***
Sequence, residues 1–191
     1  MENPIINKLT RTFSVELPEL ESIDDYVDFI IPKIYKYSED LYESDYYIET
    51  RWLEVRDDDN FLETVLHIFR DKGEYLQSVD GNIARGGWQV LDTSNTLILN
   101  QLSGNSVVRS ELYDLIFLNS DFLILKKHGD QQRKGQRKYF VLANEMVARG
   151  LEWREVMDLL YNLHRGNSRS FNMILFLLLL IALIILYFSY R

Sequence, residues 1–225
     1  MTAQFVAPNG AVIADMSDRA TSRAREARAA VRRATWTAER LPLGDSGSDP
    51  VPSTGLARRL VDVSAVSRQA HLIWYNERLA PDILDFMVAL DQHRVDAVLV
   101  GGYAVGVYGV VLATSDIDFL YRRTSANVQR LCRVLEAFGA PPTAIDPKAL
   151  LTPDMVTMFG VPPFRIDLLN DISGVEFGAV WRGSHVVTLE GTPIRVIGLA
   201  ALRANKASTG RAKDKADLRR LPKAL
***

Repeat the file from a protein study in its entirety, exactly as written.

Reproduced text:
Sequence, residues 1–191
     1  MENPIINKLT RTFSVELPEL ESIDDYVDFI IPKIYKYSED LYESDYYIET
    51  RWLEVRDDDN FLETVLHIFR DKGEYLQSVD GNIARGGWQV LDTSNTLILN
   101  QLSGNSVVRS ELYDLIFLNS DFLILKKHGD QQRKGQRKYF VLANEMVARG
   151  LEWREVMDLL YNLHRGNSRS FNMILFLLLL IALIILYFSY R

Sequence, residues 1–225
     1  MTAQFVAPNG AVIADMSDRA TSRAREARAA VRRATWTAER LPLGDSGSDP
    51  VPSTGLARRL VDVSAVSRQA HLIWYNERLA PDILDFMVAL DQHRVDAVLV
   101  GGYAVGVYGV VLATSDIDFL YRRTSANVQR LCRVLEAFGA PPTAIDPKAL
   151  LTPDMVTMFG VPPFRIDLLN DISGVEFGAV WRGSHVVTLE GTPIRVIGLA
   201  ALRANKASTG RAKDKADLRR LPKAL